Blogging a crystal structure a day in 2014


Contributed by

William Brant

LiFePO4 – The Unexpected Battery Success Story

What does it look like?

Image generated by the VESTA (Visualisation for Electronic and STructual analysis) software

Image generated by the VESTA (Visualisation for Electronic and STructural analysis) software

What is it?

Two of the basic requirements of positive electrode materials for lithium ion batteries are that they must be both good electronic and good ionic conductors. This enables the material to both accept electrons from the external circuit and insert lithium ions from the electrolyte.

LiFePO4 is not a good electronic or ionic conductor and yet it is the most promising positive electrode materials introduced in the last 10 years. Its success came as a result of a thorough understanding of the structural changes during lithium insertion and clever manipulation of the particle shapes and morphology.

The structure of LiFePO4, which is a naturally occurring mineral called triphylite, was first explored by Bjoerling et al. in 1938.1 The significance of LiFePO4 as a positive electrode material was then reported by Padhi et al.2 The LiFePO4 olivine structure is formed by a hexagonal close packed oxygen array with Li+ and Fe2+ occupying half of the octahedral sites and phosphorus occupying 1/8 of the tetrahedral sites in between the layers. Each FeO6 octahedron is corner linked to other FeO6 octahedra to form zig-zag planes running parallel to the c-axis within alternating a-c planes. In addition, one edge of the FeO6 octahedron is shared with one PO4 tetrahedron and two edges are shared with two LiO6 octahedra. The LiO6 octahedra form linear chains of edge shared octahedra between layers of FeO6 octahedra and share edges with two PO4 tetrahedra (see Figure).

The electrochemical properties of LiFePO4 are strongly influenced by its structure. For example, the inductive effect of the PO4 leads to higher voltages, enabling normally uninterested cations, such as iron, to be used successfully in a positive electrode material. But there are still problems; the PO4 is also responsible for the drastically reduced electronic conductivity in these materials. Further, the lithium diffuses through the material via one-dimensional channels which greatly inhibits the ionic conductivity.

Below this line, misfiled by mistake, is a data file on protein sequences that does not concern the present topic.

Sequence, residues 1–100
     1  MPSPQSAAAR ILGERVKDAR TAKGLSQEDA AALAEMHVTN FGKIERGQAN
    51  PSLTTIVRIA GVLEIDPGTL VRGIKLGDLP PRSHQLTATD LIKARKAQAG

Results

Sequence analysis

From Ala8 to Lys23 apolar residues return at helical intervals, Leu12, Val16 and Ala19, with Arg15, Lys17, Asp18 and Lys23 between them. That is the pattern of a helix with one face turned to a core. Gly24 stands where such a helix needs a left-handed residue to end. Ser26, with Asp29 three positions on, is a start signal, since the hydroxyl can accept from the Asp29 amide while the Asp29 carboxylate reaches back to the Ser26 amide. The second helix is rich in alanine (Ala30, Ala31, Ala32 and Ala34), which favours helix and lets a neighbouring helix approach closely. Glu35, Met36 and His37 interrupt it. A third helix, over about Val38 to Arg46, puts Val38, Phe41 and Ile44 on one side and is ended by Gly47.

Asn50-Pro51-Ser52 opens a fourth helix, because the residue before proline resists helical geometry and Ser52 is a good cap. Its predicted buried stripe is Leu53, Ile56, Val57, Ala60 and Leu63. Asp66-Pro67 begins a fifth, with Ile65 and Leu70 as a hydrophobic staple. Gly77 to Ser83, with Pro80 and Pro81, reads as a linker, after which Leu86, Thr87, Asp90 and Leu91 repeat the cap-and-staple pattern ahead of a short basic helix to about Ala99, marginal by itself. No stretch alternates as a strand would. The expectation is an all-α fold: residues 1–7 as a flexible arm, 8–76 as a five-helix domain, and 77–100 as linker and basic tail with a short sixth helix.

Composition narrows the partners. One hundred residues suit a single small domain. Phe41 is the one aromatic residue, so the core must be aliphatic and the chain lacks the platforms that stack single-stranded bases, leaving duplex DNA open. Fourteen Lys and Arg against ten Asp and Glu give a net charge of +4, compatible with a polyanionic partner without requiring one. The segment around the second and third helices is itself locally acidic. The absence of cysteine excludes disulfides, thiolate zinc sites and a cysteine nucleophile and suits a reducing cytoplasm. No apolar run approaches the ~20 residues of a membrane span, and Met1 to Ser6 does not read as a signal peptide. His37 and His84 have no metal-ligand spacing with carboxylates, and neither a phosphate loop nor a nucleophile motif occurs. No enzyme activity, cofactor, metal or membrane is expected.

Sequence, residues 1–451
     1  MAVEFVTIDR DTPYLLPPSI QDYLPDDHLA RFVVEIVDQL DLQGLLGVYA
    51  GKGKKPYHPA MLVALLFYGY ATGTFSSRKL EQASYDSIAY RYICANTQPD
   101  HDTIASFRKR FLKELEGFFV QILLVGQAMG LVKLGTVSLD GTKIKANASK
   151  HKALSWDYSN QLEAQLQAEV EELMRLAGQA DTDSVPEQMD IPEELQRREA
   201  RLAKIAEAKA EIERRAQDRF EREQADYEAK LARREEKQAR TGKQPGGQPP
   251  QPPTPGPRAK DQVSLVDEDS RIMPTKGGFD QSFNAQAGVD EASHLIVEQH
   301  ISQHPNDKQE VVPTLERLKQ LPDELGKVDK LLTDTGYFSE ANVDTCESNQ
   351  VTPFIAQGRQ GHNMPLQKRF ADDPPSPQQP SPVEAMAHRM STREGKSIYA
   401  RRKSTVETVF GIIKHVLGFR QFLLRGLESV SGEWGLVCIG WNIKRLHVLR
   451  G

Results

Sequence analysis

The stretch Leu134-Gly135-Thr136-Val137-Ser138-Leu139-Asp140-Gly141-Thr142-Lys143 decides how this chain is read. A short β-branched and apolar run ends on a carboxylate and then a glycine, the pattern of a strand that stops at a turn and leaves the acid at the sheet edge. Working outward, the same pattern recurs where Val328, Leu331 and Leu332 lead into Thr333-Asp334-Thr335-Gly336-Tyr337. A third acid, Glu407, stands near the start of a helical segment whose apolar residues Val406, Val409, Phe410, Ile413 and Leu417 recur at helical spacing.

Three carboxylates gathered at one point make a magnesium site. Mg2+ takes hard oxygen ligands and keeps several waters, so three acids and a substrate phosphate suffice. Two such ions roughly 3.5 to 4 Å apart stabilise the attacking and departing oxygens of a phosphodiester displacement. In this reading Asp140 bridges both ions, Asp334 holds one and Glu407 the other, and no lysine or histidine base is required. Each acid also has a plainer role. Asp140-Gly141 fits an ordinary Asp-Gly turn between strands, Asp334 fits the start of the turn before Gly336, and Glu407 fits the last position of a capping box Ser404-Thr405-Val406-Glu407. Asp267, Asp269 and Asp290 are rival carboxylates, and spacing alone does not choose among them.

Both of these shortcomings were overcome by preparing nanoscale LiFePO4 particles coated in a thin layer of carbon black. The increase in electronic conductivity was understood to be due to the thin carbon black layer providing a pathway for electrons from the particles to the current collector. The drastic increase in ionic conductivity, however, was not expected from a reduction in particle size.

This is because the reaction was observed to proceed via a two phase conversion reaction between LiFePO4 and FePO4. Thus, the main energy barrier to lithium extraction is the seeding and growth of the second phase. A solid solution reaction, where there is a gradual conversion from LiFePO4 to FePO4 via LixFePO4 (0<x<1), on the other hand benefits from a reduction in particle size due to shorter diffusion pathways.3 It was hypothesised, and then eventually proved, that the lithium insertion reaction proceeds via a pseudo-solid solution type reaction where the reaction front between the two phases is single phase LixFePO4.

This behaviour is highly unusual and the main reason why LiFePO4 has become a significant new battery material. So, in future, it is likely that batteries for electric vehicles as well as portable electronic devices will contain LiFePO­4 as the positive electrode material.

Where did the structure come from?

LiFePO4 is #1011090 in the Crystallography Open Database.

  1. Bjoerling, C. O., Westgren, A. Minerals of the Varutrask pegmatite. IX. X-ray studies on triphylite, varulite, and their oxidation products. Geologiska Foereningens i Stockholm Foerhandlingar 60, 67-72 (1938).
  2. Padhi, A. K., Nanjundaswamy, K. S. & Goodenough, J. B. Phospho-olivines as positive-electrode materials for rechargeable lithium batteries. Journal of the Electrochemical Society 144, 1188-1194 (1997).
  3. Malik, R., Zhou, F. & Ceder, G. Kinetics of non-equilibrium lithium incorporation in LiFePO4. Nat. Mater. 10, 587-590 (2011).